Little Richard, the King and Queen of Rock 'n' Roll
Little Richard helped make the United States a little more black, a little more queer, and a little more free.
In 1955, Bill Haley & His Comets' "Rock Around the Clock" became the first song from the wild new music known as rock 'n' roll to hit number one on the Billboard pop chart. Though Haley and his band presented impeccably respectable and Caucasian personas, it was well known that the genre they were playing had been pioneered by black musicians. And so the meteoric popularity of rock 'n' roll was met with puritanical and racist reactions by many parents, teachers, newspaper columnists, politicians, and other good citizens of the day. Several American cities banned the music for its "degenerate," "uncivilized," and "jungle" characteristics. But the thirst for the music overwhelmed the censors, as legions of young fans flocked to each new rock 'n' roll act that came onto the scene. Knowing that much of the music was being played in juke joints and night clubs across the South, music industry talent scouts were under pressure to find black performers who could present an "authentic" black sound but also "cross over" and appeal to young white audiences.
In the summer of 1955, Robert "Bumps" Blackwell, the chief talent scout for the black-owned independent label Specialty Records, found a potential black crossover star: a 22-year-old singer, songwriter, and piano player from Macon, Georgia, named Richard Penniman, who as "Little Richard" had made a name for himself in New Orleans for, among other things, his six-inch pompadour, wailing falsetto voice, extravagantly feminine gestures, sexually suggestive on-stage antics, and "off-color" lyrics. In September, Blackwell signed Penniman to a recording contract and brought him to the J&M Recording Studio in New Orleans for a session that both men hoped would make the next mainstream rock 'n' roll star. But the session fell flat, with Penniman failing to capture the energy he had recorded on a demo tape that had earned him the contract with Specialty. The two men decided to take a break and have a drink at the nearby Dew Drop Inn.
Penniman was a regular performer at the Dew Drop. When he and Blackwell walked in the door, Penniman jumped onto the stage and behind the piano, where he pounded out a rollicking, hard-driving tune that formed the foundation of his stage act. The song was called "Tutti Frutti" and its lyrics were a celebration of a particular kind of sex: "Tutti frutti, good booty, if it don't fit, don't force it, you can grease it, take it easy, tutti frutti, good booty." Blackwell had never heard anything like it. "'I said, 'Wow! That's what I want from you, Richard. That's a hit!'" Blackwell, of course, was right. Rewritten so that all the lines referencing anal sex were replaced with repetitions of "aw rooty," a slang expression meaning "all right," "Tutti Frutti" shot to the top of the charts by October.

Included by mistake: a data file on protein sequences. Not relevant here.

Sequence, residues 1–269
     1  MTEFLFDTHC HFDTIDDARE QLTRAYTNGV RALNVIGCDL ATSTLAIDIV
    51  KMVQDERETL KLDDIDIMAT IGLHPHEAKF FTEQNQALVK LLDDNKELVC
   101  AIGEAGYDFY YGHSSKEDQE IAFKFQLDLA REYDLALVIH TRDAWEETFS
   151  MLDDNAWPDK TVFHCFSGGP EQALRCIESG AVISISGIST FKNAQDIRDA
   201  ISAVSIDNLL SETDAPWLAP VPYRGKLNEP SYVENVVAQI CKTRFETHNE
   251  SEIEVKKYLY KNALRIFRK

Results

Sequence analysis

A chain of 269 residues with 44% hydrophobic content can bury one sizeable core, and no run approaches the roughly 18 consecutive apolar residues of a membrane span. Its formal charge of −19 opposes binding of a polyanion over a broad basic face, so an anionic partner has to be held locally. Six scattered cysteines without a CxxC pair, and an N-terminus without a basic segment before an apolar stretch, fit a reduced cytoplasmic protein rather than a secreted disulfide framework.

Little Richard Penniman soon became one of the most popular and influential rock 'n' roll performers in the world. He placed more than 15 singles on the charts in less than three years, including "Lucille" and "Good Golly, Miss Molly." During the height of segregation in the South, Little Richard's public performances were known for the extraordinary degree of racial integration among the audiences, even in Jim Crow cities. It is quite possible that a typical Little Richard concert saw more mixing of black and white people than any other public space in America at the time. Nearly every major white rock 'n' roll star of the period covered his songs, including Buddy Holly, Bill Haley, Jerry Lee Lewis, the Everly Brothers, Gene Vincent, Eddie Cochran, and Elvis Presley, who recorded no fewer than four of Little Richard's songs on the two albums that made Presley a star in 1956. Paul McCartney and George Harrison both idolized Little Richard in their youth, and McCartney adopted some of his falsetto style in several of the Beatles' biggest hits. Mick Jagger called him "the originator and my first idol." David Bowie declared that when he first listened to "Tutti Frutti" he felt like he had "heard God."